How to Scale Improvement: Beyond Bottlenecks and Boiling the Ocean
7 Pages Posted: 26 Sep 2018
Date Written: September 7, 2018
I present a theory of distributed improvement that extends Agile, Lean, and the Theory of Constraints by demonstrating how to simultaneously improve global and local performance in large systems, especially large organisations.
I describe simple, effective rules that allow anyone in an arbitrarily large system to “begin where they are” by first making local improvements without degrading the neighborhood (the next level up in the system). Furthermore, by contributing freed up capacity from local improvements to help improve the neighborhood local improvement efforts align without centralized control. The effects of adopting this approach at all levels are cumulative, and lead to a form of global optimization through distributed collaboration and coordination.
My central point is that if we wish to improve the whole system, making a local improvement must not carry an obligation to immediately raise local output. Incentive structures and habits that act otherwise (while widespread) must be changed!
From a systemic perspective there are typically wiser ways to exploit the freed up capacity than mindlessly doing more work: principally raising local morale, reserving a portion for future improvement, and assisting at the next level of the system by contributing capacity where it is needed and sharing improvements and innovations.
Only in the case where the local improvement has been made at a bottleneck should output be increased. Hence Prager’s law: “After you make an improvement, the last thing you should do is more work.”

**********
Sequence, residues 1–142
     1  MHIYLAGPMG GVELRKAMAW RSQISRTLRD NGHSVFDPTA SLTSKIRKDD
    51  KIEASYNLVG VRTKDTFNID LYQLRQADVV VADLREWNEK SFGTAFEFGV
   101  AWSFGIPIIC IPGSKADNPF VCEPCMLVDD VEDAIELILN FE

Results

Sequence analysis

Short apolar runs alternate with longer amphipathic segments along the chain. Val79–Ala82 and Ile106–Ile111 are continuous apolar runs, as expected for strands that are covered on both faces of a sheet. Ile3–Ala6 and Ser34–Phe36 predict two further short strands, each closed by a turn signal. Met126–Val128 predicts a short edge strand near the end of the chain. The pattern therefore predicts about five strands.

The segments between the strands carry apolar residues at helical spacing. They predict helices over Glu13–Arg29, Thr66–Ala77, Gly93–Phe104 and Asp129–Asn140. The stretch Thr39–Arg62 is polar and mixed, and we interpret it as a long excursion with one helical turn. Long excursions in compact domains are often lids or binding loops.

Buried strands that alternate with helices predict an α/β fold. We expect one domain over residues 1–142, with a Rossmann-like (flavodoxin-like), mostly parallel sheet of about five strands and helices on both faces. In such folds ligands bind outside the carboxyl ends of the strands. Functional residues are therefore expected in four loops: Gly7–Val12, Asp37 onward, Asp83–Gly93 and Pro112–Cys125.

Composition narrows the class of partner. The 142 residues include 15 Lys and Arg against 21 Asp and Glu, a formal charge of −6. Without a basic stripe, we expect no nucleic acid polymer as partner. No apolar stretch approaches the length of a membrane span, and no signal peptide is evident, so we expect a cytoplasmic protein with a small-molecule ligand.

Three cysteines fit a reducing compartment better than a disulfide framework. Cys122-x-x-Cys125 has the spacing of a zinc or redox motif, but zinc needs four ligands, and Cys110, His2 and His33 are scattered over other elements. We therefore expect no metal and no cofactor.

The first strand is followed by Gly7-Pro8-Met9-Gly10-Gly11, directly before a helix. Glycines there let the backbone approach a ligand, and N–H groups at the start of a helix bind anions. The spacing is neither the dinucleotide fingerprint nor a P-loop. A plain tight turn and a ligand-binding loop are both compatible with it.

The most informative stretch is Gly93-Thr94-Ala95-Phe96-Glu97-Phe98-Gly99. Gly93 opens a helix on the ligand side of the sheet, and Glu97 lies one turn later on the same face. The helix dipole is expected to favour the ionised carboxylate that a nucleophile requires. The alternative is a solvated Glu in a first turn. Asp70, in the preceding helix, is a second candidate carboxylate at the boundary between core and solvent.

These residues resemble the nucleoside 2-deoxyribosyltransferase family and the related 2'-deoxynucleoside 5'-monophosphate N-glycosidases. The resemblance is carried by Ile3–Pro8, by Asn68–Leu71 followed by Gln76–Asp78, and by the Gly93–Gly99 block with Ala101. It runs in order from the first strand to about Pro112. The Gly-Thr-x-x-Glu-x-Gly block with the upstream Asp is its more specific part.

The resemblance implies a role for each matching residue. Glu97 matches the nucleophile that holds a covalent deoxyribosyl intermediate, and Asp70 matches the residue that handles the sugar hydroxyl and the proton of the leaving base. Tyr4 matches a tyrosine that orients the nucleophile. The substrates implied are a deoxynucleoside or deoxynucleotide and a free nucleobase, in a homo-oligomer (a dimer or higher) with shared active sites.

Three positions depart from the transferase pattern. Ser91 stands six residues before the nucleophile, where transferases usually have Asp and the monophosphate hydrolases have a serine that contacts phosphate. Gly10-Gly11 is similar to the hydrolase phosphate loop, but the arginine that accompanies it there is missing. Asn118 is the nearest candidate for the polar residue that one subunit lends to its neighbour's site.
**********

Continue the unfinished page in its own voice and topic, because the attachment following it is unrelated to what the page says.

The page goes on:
This approach paves the way to a new generation Agile meta-framework — CSIC: Create Slack, Improve, Contribute — that promises unprecedented productivity gains through compounding improvements, as well as elevated staff morale and insights into how best to deploy coaches and other systems thinkers at all organisational levels.
Additional ramifications include changes to executive, manager, and knowledge-worker education, and revision of measurement and incentive design, including staff promotion criteria.
Overall, this development is exciting because it points to a balanced way forward that simultaneously improves performance of large systems and improves the quality of life for the people who work within the system.
Keywords: Management, Global Optimization, Local Optimization, Agile, ory of Constraints, Flow, Process Improvement, Distributed Improvement, Collaboration, Employee Engagement, Key Performance Indicators
JEL Classification: M11, M14, M15, M20, M54
Suggested Citation: Suggested Citation